a loving and intimate revival

The late composer Stephen Sondheim’s biggest career flop has turned out to be one of the best musicals of the theater season – just 41 years after it premiered.

Downtown at New York Theater Workshop, the endearing and intimate revival of his “Merrily We Roll Along,” which opened Monday night, lifts audience spirits even during a show that, as written, is a bitter cautionary tale about how that Life gets worse with age.

theater criticism

Two hours and 40 minutes, with one intermission. At the New York Theater Workshop, 79 East 4th Street.

It’s the opposite of most schlocks squatting on Broadway these days. This musical is intelligent, hilarious, human, heartfelt and lively. It makes you – gasp – think. And it has the electricity of a major event, as we’re grabbed and gutted by the short-circuited existences of its main characters.

Cheerful? Yes, exactly. The sad show depicts a friendship unraveling backwards – portrayed by Jonathan Groff, Daniel Radcliffe and Lindsay Mendez – in “memento” style. You usually end up walking out depressed and pensive, whispering about the piece’s structural flaws.

Fans adore the scores, with great songs like “Not a Day Goes By,” “Good Thing Going,” and “Old Friends,” but with Sondheim’s music awkwardly paired with George Furth’s retro and oddly worded book, productions usually get out of hand Rails.

But I felt different by the end of this “Merrily,” with no-frills direction by Maria Friedman and a mid-century modern set by Soutra Gilmour.

The friendship between Charley (Daniel Radcliffe), Frank (Jonathan Groff) and Mary (Lindsay Mendez) falls apart "We roll along happily."
Charley (Daniel Radcliffe), Frank (Jonathan Groff) and Mary (Lindsay Mendez)’s friendship crumbles in Merrily We Roll Along.

When Groff, who sensationally plays a famous composer named Franklin Shepard, stares at the audience in the last frame of this production, he is middle-aged again with his life in shambles. At that moment you really think he’s changed and that these three formerly inseparable New York pals can make it happen; that our experience of seeing the show was Frank’s own all-important aha moment. A notoriously unfulfilling show suddenly gratifies.

But it’s not just a striking image that makes “Merrily” work, it’s also a stunning trio. The old friends are fabulously played by Groff, Radcliffe and Mendez, who never exaggerate a millisecond of a story that can easily become mired in showbiz cliches and 1970s kitsch. Everything is grounded and real here.

Frank's mid-century modern home becomes a variety of settings for a story that spans three decades.
Frank’s mid-century modern home becomes a variety of settings for a story that spans three decades.

“Merrily” begins in the 1970s at a party at Franklin’s Los Angeles home attended by his wife, mistress and old friend Mary (Mendez), alongside the usual Hollywood crowd. Mary is a theater critic and a raging alcoholic (thanks, folks) who causes a scene by loudly accusing Frank of guilt over his estrangement from her sidekick and his lyricist, Charley (Radcliffe).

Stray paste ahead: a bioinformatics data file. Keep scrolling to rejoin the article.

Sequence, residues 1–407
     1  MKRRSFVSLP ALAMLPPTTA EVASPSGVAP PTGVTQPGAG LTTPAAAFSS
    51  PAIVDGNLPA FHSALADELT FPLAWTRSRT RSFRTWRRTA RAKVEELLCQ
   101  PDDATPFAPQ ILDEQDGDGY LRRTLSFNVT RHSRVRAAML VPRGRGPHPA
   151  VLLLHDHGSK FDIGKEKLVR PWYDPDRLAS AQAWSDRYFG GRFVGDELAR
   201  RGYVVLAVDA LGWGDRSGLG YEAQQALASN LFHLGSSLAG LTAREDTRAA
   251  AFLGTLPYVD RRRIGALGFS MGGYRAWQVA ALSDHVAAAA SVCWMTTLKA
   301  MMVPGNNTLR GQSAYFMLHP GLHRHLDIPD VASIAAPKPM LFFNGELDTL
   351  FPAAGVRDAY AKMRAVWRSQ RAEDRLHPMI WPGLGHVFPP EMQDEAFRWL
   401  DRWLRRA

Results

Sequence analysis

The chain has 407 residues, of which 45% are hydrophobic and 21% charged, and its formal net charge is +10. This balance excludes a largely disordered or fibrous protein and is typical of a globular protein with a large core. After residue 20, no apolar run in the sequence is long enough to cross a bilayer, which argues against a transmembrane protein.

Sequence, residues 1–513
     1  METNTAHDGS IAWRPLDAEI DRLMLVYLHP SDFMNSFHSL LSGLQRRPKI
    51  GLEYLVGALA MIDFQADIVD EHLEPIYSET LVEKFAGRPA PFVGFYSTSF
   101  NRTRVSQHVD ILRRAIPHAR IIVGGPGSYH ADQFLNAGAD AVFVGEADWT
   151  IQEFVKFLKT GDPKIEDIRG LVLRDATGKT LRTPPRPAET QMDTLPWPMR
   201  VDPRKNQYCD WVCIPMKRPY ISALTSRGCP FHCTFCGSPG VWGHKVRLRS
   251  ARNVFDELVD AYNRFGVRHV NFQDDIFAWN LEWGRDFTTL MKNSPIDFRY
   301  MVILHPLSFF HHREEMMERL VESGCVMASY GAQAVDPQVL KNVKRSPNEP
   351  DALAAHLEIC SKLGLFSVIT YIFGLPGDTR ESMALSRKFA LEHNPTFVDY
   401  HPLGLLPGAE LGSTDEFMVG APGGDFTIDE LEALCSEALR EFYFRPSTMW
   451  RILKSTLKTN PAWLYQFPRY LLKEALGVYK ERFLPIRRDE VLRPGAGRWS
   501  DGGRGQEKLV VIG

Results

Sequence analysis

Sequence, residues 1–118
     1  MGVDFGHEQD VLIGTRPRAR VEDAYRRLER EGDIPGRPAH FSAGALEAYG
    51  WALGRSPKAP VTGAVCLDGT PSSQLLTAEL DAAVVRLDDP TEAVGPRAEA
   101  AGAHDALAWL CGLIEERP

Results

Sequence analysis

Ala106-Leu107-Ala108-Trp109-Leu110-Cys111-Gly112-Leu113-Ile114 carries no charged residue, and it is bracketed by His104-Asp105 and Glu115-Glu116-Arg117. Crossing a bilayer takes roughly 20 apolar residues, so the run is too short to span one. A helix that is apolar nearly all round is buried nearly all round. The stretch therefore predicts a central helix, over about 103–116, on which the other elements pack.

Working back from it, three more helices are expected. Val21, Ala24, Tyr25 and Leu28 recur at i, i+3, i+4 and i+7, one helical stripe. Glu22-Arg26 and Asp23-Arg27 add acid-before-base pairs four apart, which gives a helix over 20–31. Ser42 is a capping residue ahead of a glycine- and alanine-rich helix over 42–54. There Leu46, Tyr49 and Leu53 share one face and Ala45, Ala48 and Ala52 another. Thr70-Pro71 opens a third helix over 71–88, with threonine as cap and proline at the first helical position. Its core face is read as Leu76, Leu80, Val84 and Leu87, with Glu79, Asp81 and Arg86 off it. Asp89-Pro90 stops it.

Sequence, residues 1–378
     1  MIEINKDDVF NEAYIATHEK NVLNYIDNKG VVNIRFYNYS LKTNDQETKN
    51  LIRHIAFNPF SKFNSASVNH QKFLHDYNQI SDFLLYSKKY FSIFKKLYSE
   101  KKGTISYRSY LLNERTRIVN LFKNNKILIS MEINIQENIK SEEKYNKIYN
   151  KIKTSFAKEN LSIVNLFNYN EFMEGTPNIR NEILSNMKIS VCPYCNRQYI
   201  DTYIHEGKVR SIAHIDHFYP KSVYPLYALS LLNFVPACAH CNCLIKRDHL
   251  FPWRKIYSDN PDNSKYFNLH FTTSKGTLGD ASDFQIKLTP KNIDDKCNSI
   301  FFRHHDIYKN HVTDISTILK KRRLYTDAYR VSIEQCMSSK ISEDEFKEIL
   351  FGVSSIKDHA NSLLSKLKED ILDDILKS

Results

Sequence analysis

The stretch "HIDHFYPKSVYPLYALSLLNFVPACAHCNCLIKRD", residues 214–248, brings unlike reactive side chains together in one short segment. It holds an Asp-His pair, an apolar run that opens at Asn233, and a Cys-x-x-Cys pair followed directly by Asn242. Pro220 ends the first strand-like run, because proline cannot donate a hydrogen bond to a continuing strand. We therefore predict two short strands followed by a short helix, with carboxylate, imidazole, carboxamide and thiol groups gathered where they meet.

And then we rewind to the 1960s. Charley blows up Frank during a national television interview, and Radcliffe sings the song “Franklin Shepard Inc.”, which is about catching a man and accuses his creative partner of selling himself for money. The British actor delivers one of his warmest and most honest performances yet, delving deeper than How To Succeed in Business Without Really Trying and The Lieutenant of Inishmore allowed him to. The guy breaks your heart. Incidentally, Radcliffe has grown into such a consistently great stage actor that we needn’t mention his wand-wielding past.

Amidst the turmoil of broken marriages and discord, Mary, who dreams of being a writer, is the workhorse trying to keep her family together. Mendez is exquisite in the role of offset. A less skilled actress transforms the older, alcoholic Mary into an old witch from “Into the Woods”. Mendez is absolutely real and therefore devastating.

The cast of "We roll along happily."
In Act 2, we witness the character’s teenage career milestones.
Johanna Marcus

The same goes for Katie Rose Clarke as Beth, Frank’s first wife, who wails “Not a day goes by” when her husband’s skyrocketing fame causes him to walk away from their marriage. As his new wife, Gussie, Krystal Joy Brown is twisted and a master manipulator. And as he was in Tootsie, Reg Rogers is a perfect embodiment of casting couch smarm as Broadway producer Joe.

The show’s second act is always less compelling than the first because the triad’s teenage career milestones — their first Broadway hit, an early downtown revue, terrible day jobs — have less panache than the relationship dramas. What makes these staccato events successful here is that these three actors, all in their thirties, effectively span their characters’ states of being at the beginning and end. When they get their first performance, they radiate a tangibly lived-in euphoria that will remind every ticket buyer of their own.

Has “Merily” finally been fixed? Not really, and it never will be. But its history-making troubles have become not only part of its lore, but also a messy asset in our grim era of mechanical, assembly-line, movie-studio-produced musicals. “Merrily” is a touching oddball that hits you emotionally hard even when it misses creatively. Here it is. How is it? Damn few.

https://nypost.com/2022/12/12/merrily-we-roll-along-review-a-lovable-and-intimate-revival/ a loving and intimate revival

Emma Bowman

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